Teachout has a very entertaining piece today on blurbwhoring policies of the rich and famous. Or, when do you agree to blurb the back of a book, and when do you politely demur. His concluding graphs include a pointed quotation from Evelyn Waugh, who was a bit of a specialist when it came to pointed quotations.
Evelyn Waugh had a Wilsonesque postcard of his own (“Mr. Evelyn Waugh deeply regrets that he is unable to do what is so kindly proposed”), but he could occasionally be persuaded to supply blurbs, usually for friends and/or fellow Catholics. Strangers rarely fared as well.

In 1961, for instance, Waugh sent this characteristic letter to a Simon & Schuster publicist who was looking for blurbs in all the wrong places:

Thank you for sending me Catch-22. I am sorry that the book fascinates you so much. It has many passages quite unsuitable to a lady’s reading. It suffers not only from indelicacy but from prolixity. It should be cut by about a half. In particular the activities of “Milo” should be eliminated or greatly reduced.

You are mistaken in calling it a novel. It is a collection of sketches—often repetitious—totally without structure.

Much of the dialogue is funny.

You may quote me as saying: “This exposure of corruption, cowardice and incivility of American officers will outrage all friends of your country (such as myself) and greatly comfort your enemies.”

Me, I’d have printed it, but Simon & Schuster thought otherwise.
I was recently asked to write a foreword (together with my collaborator) to a book on a particular piece of graphics software, of which I am somewhat familar. I've also been informed that a quotation from that foreword will appear on the back of the book, which I guess makes me a blurbwhore. So I guess I need to come up with a witty and disdainful policy of my own.

Friday, October 15, 2004

Would you like some Hummus on that?

I used to like falafel. Damn you O'Reilly!

James Wolcott has a very funny piece on the Bill O'Reilly saga. Read: Loof to Loofah, Baby

And if you haven't been following the story, read the complete transcripts at the Smoking Gun, here and here.

Ah schadenfreude. The gift that keeps on giving.

Thursday, October 14, 2004

Bush and JC

No not that JC. I'm referring to what we used to call Junior Colleges or is now referred to as Community Colleges. In his answer last night to the question on outsourcing, Bush mentioned making it possible for workers to return to Community Colleges to retrain. Here is Bush's answer in full..
BUSH: I'd say, Bob, I've got policies to continue to grow our economy and create the jobs of the 21st century. And here's some help for you to go get an education. Here's some help for you to go to a community college.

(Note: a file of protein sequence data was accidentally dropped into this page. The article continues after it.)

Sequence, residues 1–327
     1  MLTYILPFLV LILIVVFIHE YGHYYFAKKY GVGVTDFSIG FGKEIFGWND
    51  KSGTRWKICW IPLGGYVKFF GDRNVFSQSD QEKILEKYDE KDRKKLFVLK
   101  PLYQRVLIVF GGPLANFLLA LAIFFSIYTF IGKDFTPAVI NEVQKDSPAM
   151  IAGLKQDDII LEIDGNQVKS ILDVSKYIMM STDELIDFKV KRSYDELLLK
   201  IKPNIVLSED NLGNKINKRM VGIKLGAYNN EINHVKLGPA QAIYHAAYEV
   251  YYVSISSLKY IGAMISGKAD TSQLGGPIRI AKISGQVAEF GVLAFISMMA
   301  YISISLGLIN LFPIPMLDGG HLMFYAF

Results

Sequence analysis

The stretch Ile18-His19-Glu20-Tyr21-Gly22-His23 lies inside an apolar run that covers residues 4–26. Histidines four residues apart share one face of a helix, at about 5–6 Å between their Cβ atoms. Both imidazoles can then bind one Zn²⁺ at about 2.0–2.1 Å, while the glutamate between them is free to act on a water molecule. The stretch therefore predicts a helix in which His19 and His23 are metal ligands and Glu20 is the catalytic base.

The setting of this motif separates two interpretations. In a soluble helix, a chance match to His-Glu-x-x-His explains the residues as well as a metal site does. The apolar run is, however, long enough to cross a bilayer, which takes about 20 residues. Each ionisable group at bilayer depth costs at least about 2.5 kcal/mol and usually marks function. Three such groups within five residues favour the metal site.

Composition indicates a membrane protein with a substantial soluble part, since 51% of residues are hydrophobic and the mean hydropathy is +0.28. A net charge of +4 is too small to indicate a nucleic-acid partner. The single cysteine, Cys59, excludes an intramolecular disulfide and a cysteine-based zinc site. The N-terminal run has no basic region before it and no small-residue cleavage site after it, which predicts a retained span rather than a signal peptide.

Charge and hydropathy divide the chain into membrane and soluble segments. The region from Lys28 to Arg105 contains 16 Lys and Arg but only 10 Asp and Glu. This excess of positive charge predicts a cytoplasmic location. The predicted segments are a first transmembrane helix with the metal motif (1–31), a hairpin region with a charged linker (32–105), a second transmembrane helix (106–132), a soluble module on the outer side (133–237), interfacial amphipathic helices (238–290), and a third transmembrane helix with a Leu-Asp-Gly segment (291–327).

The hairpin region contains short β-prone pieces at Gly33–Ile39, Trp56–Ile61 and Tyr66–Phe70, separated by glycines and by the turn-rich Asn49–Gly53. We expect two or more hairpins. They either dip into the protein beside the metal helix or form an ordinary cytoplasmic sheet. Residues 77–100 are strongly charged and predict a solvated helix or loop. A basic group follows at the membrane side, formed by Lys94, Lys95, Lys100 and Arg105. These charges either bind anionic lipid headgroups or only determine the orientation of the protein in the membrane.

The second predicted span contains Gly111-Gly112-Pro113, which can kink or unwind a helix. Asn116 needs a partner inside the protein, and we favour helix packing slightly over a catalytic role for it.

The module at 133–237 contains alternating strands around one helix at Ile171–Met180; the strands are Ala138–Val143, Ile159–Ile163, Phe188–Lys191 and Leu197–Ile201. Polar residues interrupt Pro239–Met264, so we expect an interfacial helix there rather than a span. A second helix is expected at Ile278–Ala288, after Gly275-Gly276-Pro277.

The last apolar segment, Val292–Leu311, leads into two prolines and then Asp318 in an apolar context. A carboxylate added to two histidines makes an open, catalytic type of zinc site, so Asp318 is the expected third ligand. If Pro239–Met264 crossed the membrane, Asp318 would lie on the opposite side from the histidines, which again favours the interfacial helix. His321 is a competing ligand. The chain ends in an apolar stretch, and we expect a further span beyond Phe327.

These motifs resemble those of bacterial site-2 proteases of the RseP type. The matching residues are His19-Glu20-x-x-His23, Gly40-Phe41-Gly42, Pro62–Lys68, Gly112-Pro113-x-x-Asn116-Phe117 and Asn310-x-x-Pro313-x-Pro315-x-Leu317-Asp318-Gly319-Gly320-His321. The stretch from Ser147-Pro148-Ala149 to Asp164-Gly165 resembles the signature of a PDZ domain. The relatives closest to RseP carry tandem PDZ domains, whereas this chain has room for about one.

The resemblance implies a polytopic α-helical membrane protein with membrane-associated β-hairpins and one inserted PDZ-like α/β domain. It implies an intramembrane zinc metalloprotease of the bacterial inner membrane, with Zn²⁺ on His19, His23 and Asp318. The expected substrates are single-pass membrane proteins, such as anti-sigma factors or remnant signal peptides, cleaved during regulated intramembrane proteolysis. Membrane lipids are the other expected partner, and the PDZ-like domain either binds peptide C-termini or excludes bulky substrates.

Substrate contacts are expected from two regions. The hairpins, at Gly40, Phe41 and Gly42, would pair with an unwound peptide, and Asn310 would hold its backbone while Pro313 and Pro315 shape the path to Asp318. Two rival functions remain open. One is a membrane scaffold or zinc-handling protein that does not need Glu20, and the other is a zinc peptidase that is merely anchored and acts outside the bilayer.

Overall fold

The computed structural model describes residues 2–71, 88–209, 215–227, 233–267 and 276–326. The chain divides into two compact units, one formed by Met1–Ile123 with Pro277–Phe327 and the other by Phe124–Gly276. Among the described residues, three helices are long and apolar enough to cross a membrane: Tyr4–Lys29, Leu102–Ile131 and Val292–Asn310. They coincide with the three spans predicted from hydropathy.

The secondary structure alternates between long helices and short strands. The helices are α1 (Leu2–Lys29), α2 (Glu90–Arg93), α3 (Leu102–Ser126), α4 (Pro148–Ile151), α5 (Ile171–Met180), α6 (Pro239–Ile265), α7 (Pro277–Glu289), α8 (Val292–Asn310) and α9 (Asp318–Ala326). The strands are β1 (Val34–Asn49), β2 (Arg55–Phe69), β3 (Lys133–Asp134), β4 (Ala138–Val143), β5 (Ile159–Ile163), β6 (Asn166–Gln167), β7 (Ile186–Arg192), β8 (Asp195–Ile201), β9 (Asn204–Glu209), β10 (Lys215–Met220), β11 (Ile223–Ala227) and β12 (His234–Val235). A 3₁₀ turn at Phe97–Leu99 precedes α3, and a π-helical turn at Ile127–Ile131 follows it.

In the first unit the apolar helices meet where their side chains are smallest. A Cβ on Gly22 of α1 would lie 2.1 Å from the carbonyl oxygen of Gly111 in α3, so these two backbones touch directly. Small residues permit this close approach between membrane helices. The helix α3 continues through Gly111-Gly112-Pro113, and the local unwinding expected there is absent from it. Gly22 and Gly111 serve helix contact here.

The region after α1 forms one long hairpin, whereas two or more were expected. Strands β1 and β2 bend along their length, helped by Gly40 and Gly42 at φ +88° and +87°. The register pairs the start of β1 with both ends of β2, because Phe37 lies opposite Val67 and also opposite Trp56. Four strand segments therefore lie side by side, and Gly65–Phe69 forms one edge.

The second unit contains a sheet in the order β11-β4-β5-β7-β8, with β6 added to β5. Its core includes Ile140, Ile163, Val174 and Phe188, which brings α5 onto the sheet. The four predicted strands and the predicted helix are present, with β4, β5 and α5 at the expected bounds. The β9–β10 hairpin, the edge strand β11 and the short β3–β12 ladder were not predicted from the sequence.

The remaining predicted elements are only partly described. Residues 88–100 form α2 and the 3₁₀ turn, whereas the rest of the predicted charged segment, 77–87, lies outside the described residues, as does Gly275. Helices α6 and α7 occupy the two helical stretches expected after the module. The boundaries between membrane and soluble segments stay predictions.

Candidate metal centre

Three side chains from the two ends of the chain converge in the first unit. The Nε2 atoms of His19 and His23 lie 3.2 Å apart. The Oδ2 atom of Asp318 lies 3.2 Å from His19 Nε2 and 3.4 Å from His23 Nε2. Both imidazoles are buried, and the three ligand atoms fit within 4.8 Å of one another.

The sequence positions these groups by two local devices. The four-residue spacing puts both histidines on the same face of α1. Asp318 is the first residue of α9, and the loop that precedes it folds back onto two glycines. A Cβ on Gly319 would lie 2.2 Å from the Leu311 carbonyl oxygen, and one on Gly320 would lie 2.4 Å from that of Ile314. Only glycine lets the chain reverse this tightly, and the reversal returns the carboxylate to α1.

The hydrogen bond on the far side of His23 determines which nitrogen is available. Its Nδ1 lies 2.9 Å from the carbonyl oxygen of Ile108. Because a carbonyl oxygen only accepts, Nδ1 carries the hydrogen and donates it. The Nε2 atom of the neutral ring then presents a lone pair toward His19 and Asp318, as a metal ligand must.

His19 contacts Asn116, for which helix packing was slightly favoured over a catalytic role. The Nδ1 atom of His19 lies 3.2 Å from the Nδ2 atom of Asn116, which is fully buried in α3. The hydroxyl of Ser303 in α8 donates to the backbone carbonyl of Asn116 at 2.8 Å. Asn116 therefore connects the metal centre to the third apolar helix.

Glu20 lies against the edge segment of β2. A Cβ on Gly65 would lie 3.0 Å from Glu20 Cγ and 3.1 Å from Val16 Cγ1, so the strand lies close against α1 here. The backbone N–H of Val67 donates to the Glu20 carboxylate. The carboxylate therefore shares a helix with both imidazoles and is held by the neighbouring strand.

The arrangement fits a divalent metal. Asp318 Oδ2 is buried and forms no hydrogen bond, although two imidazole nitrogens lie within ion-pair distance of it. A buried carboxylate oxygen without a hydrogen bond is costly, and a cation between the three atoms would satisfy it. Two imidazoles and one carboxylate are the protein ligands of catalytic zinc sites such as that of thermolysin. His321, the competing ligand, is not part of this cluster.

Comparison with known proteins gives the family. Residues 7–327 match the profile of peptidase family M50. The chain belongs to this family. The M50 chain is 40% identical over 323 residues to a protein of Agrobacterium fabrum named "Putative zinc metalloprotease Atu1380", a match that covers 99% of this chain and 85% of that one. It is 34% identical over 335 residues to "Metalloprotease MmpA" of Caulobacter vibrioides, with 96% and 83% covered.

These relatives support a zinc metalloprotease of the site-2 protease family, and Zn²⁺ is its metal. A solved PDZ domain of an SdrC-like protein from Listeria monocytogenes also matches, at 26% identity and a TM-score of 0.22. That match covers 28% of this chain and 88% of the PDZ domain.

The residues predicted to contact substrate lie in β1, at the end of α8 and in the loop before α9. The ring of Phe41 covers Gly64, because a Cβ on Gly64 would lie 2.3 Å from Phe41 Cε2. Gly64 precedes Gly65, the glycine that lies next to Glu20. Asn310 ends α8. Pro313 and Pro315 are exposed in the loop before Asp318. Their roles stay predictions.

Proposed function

We've expanded trade adjustment assistance. We want to help pay for you to gain the skills necessary to fill the jobs of the 21st century.

You know, there's a lot of talk about how to keep the economy growing. We talk about fiscal matters. But perhaps the best way to keep jobs here in America and to keep this economy growing is to make sure our education system works.

I went to Washington to solve problems. And I saw a problem in the public education system in America. They were just shuffling too many kids through the system, year after year, grade after grade, without learning the basics.

And so we said: Let's raise the standards. We're spending more money, but let's raise the standards and measure early and solve problems now, before it's too late.

No, education is how to help the person who's lost a job. Education is how to make sure we've got a workforce that's productive and competitive.

Got four more years, I've got more to do to continue to raise standards, to continue to reward teachers and school districts that are working, to emphasize math and science in the classrooms, to continue to expand Pell Grants to make sure that people have an opportunity to start their career with a college diploma.

And so the person you talked to, I say, here's some help, here's some trade adjustment assistance money for you to go a community college in your neighborhood, a community college which is providing the skills necessary to fill the jobs of the 21st century. And that's what I would say to that person.
Now that hardly answers the the issue I see in my own field. What does a highly educated software engineer do when his $50 to $60 an hour job goes to India. According to Bush he goes to community college and learns what? Beginning Web Design.

Atrios has more to say on this subject.

Wednesday, October 13, 2004

Rumors and Rumors of Rumors

The Preznitdential Debates have spawned some good conspiracy theories and rumors lately. In fact it brought to mind the infamous Ibogaine rumor started by Hunter S. Thompson, in Fear and Loathing on the Campaign Trail.
Not much has been written about The Ibogaine Effect as a serious factor in the Presidential Campaign, but toward the end of the Wisconsin primary race - about a week before the vote - word leaked out that some of Muskie's top advisors had called in a Brazilian doctor who was said to be treating the candidate with "some kind of strange drug" that nobody in the press corps had ever heard of.

It had ... long been whispered that Muskie was into something very heavy, but it was hard to take the talk seriously until I heard about the appearance of a mysterious Brazilian doctor. That was the key. I immediately recognized The Ibogaine Effect - from Muskie's tearful breakdown on the flatbed truck in New Hampshire, to the delusions and altered thinking that characterized his campaign in Florida, and finally the condition of "total rage" that gripped him in Wisconsin.